Clients often ask whether the correct term is England, Britain, Great Britain or the UK. All these titles can certainly be confusing. With regard to government documents and citations, there are a set of formal guidelines produced by the government Permanent Committee on Geographical Names (PCGN) if you’d like a little bedtime reading. Actually, it is quite an interesting document, with details of the official languages spoken in the UK, their history and the structure of the administrative areas.
When deciding which term is correct, the first criteria is whether the usage is geographical or political (and I’d include legal in the political context). As a political term, the correct title is the United Kingdom of Great Britain and Northern Ireland. This consists of four two countries: England and Scotland, a Principality – Wales, and one Province – Northern Ireland. It does not include either the Isle of Man or the Channel Islands. The term is often shortened to the UK. In a political context, Great Britain is usually used to refer to just England, Scotland and Wales (excluding Northern Ireland).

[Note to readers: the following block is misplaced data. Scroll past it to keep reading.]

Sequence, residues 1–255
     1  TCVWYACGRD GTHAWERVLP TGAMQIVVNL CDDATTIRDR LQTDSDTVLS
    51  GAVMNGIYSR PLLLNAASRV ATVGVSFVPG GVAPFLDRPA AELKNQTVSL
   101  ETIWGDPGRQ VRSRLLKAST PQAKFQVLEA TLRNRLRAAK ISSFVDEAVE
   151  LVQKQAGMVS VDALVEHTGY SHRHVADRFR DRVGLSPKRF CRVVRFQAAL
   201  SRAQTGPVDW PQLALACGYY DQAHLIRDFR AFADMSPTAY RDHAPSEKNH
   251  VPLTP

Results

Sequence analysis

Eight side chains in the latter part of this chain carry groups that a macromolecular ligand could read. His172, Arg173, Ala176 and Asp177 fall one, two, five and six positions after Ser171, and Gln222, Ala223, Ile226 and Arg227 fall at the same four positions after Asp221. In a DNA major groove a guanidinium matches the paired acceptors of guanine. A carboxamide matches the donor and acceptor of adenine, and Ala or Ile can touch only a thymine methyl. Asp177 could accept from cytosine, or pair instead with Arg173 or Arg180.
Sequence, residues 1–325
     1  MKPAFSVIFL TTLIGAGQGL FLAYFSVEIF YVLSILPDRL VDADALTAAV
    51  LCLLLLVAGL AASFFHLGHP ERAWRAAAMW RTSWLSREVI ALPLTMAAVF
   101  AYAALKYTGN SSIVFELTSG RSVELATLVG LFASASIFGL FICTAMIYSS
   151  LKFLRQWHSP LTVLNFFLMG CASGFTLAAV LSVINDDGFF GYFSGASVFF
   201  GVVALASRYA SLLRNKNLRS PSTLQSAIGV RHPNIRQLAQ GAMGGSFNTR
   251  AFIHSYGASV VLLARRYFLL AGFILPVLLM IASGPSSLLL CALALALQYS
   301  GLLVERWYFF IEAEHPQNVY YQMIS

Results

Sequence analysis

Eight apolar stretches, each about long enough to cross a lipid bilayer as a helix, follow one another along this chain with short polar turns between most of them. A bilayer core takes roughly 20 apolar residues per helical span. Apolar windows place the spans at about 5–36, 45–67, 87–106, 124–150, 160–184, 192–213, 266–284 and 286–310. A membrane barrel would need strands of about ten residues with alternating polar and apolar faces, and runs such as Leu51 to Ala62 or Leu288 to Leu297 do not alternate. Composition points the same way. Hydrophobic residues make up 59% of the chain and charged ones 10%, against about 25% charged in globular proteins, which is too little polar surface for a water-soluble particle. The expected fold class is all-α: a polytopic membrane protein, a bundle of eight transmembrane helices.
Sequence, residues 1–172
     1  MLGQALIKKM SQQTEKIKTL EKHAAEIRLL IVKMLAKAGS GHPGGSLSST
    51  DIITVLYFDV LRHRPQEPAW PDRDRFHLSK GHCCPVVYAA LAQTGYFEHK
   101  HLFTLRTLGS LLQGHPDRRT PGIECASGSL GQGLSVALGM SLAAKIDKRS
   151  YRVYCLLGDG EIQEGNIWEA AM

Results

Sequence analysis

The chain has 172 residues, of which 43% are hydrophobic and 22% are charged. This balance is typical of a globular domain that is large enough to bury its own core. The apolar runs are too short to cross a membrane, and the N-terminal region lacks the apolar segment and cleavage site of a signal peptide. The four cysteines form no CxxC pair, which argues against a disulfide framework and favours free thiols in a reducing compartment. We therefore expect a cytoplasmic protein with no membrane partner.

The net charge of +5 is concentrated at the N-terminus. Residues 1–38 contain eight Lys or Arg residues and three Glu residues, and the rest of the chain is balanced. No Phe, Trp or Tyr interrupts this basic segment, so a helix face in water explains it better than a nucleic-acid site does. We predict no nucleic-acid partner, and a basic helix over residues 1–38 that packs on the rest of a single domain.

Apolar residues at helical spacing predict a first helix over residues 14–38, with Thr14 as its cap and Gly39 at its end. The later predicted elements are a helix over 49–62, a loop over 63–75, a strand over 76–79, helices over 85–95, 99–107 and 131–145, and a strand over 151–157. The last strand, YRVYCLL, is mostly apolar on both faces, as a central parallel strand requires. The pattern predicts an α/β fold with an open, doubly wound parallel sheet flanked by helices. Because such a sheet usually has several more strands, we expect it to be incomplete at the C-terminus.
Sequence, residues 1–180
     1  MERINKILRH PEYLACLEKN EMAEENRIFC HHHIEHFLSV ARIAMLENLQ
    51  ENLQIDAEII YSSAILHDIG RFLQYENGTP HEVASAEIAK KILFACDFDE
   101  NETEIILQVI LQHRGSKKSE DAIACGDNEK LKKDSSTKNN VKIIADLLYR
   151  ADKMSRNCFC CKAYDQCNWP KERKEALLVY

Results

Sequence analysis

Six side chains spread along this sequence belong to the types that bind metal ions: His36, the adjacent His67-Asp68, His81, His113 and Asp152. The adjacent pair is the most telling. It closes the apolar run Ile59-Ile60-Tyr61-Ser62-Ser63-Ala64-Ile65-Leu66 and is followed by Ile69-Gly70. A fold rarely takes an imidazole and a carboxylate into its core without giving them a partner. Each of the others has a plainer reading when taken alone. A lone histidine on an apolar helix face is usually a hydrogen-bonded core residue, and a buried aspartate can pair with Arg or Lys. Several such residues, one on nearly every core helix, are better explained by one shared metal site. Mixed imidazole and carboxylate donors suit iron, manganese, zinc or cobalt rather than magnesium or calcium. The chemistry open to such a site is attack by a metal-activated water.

If you are writing about a geographical area then the correct term is Britain or Great Britain, which covers the main land mass of England, Scotland and Wales, but not the Northern Ireland or any islands. The term the British Isles refers to the mainland of Britain plus Ireland and all the surrounding islands.
If you’re writing in a legal context remember to check which jurisdiction you are citing from. The UK has in effect three legal systems: England and Wales, Scotland, and Northern Ireland. So, if you are referring to English Law, then this is the law as it applies in England and Wales. If your source applies in two or three jurisdictions then it may be more appropriate to refer to the law of Great Britain (if Northern Ireland is excluded) or UK law if it applies in all three. For example, immigration courts have jurisdiction throughout the UK, whereas employment tribunals cover only England, Wales and Scotland.
As with any citation, I like to exercise consistency, so once you have decided on the correct style stick to it, unless there are contextual reasons not to. If you need any help with formulating your citations, proofreading or referencing styles, then get in touch.